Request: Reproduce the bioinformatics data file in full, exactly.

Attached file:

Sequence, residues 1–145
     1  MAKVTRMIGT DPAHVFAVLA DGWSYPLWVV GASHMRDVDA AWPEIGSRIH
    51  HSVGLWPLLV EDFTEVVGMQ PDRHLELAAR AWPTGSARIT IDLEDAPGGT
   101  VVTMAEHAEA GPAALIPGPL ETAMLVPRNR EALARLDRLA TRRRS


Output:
Sequence, residues 1–145
     1  MAKVTRMIGT DPAHVFAVLA DGWSYPLWVV GASHMRDVDA AWPEIGSRIH
    51  HSVGLWPLLV EDFTEVVGMQ PDRHLELAAR AWPTGSARIT IDLEDAPGGT
   101  VVTMAEHAEA GPAALIPGPL ETAMLVPRNR EALARLDRLA TRRRS